[15:57] Mike: So one of the things that we did which was actually a recommendation from you was when we were setting up our startup mastermind, one of the things that we did was we essentially setup expectations for what that mastermind should be and what we expected from everybody. And two other things that really came out was 1) an expectation of complete confidentiality from everybody. Anything that you talked about during that meeting or during those various meetings would not go beyond the people that were there. It was kind of regardless of the topic whether it was personal stuff that came up or whether it was business related or contracts and stuff like that because there are legal issues that you may need to discuss with people and those are the things that you don’t necessarily want going out to anybody else or discuss outside of your circle.
[16:40] The second thing that also came as a recommendation from you was having an opt out clause after some sort of a trial period. I think it was something like eight weeks to say is this working for me or is it not because eight weeks, it sounds like a long time but it was really just four meetings and I think that if you don’t really gel as a group within four meetings or so, it probably isn’t going to happen and you might want to go off and find other people to be part of your startup mastermind group. Are there other rules that you setup in your masterminds?
[17:09] Rob: I can’t think of any but the confidentiality I think is one that I want to underscore because if I’m going to do this, if you’re going to be serious about this, you need to bring it to the table. I bring everything. I bring my lifetime value, my customer churn numbers, revenue, net profit, super decisions I make. I bring stuff in there that I don’t talk about with anybody else and that means there has to be confidentiality. They can’t go talking to other people about it. I think that’s a key. And then you mentioning the out clause, that’s something that I’ve done with both of mine and I think the important thing is that you’re going to probably be setting this up with people you know. Right? It’s kind of friends. And so if it doesn’t work out, there really needs to be a no hard feelings opt out period for 6-8 meetings or whatever.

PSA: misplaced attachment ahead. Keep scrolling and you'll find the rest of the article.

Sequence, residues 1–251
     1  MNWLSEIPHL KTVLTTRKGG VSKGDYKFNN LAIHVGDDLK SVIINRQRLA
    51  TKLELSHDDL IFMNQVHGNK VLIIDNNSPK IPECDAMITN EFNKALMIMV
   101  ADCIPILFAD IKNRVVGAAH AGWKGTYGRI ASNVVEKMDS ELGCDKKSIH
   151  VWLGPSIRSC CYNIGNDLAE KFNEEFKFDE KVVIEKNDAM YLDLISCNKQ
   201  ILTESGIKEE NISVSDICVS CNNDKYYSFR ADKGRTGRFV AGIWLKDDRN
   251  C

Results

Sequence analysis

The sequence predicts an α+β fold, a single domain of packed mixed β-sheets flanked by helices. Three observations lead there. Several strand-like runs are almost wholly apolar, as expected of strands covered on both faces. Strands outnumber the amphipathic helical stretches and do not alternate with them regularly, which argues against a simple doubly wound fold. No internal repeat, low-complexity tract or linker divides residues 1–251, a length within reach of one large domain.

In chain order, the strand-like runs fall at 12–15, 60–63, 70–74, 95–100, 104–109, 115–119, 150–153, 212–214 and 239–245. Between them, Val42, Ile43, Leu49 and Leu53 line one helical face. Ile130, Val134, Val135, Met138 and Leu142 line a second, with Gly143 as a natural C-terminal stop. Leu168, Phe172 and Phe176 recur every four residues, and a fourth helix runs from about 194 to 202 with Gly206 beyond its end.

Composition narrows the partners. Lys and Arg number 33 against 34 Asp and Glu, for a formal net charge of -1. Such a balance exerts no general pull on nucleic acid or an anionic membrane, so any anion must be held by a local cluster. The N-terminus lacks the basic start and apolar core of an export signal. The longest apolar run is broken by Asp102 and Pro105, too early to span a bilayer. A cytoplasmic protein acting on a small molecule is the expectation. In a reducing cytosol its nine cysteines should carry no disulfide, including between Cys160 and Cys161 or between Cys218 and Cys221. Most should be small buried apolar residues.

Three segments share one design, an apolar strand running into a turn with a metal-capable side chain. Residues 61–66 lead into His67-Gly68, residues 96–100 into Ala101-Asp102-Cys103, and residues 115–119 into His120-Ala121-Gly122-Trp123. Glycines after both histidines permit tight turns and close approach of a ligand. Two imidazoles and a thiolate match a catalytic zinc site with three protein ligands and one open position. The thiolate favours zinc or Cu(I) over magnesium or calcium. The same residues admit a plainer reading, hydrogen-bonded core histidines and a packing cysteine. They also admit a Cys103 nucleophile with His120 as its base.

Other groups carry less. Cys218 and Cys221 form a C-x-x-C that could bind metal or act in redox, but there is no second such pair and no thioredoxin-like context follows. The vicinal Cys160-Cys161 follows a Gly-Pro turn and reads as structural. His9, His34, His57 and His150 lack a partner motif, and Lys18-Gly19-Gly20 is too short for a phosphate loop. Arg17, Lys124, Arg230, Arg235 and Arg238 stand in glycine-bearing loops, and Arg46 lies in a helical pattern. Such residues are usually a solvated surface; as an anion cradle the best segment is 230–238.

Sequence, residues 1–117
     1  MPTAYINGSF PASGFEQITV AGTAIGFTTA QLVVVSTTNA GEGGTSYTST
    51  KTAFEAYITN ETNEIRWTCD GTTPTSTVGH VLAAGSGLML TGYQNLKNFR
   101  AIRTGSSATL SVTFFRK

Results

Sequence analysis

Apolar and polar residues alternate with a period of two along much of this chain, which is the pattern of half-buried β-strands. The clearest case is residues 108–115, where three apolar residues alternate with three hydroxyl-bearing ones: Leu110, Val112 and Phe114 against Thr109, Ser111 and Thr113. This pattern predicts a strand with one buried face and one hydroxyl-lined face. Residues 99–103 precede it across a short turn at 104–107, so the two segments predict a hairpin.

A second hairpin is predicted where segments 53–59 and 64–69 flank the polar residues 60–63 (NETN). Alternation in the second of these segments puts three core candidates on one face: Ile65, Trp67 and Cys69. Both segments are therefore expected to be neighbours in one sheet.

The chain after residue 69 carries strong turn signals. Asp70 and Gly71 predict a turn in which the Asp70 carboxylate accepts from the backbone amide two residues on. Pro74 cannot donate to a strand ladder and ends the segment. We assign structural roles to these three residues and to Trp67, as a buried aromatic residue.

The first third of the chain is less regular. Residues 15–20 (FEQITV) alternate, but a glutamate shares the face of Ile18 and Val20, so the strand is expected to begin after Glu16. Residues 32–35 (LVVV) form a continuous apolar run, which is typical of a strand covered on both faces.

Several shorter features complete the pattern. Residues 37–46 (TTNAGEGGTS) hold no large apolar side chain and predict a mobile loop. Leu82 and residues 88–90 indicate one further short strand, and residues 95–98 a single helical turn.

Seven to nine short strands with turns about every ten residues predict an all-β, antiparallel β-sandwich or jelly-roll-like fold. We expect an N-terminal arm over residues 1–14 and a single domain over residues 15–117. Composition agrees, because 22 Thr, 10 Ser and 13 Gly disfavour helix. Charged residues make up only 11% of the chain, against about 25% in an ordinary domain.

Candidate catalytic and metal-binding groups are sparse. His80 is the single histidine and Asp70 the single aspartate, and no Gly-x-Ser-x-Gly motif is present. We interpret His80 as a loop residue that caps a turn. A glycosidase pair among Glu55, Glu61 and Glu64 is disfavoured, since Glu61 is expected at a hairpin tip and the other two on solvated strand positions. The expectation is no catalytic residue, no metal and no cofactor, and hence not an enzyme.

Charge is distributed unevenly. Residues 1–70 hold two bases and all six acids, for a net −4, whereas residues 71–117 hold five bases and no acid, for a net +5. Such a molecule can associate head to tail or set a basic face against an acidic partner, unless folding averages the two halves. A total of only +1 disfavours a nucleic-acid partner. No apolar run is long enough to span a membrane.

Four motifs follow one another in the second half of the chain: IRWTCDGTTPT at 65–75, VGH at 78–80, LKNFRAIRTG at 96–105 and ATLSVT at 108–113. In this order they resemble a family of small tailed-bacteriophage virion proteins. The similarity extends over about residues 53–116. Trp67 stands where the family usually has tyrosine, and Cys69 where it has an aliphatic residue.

[17:56] So as you said, yours was four meeting and I think that’s the ideal duration to really figure out if you’re going to get value out of it because think about it. If you get in there and you’re talking and maybe let’s just say you think you know these acquaintances or these friends and you get in and one person just dominates and doesn’t really offer a lot of information and you feel like you’re wasting that 90 minutes every two weeks, you need to feel comfortable that you can say you know what guys, this just isn’t working out for me. I’m sorry. And be able to back out and have that no hard feelings thing. Just as anyone else who comes in, maybe they just don’t feel comfortable. They want to be on their own or whatever that you don’t have the judgment of them if they decided to leave.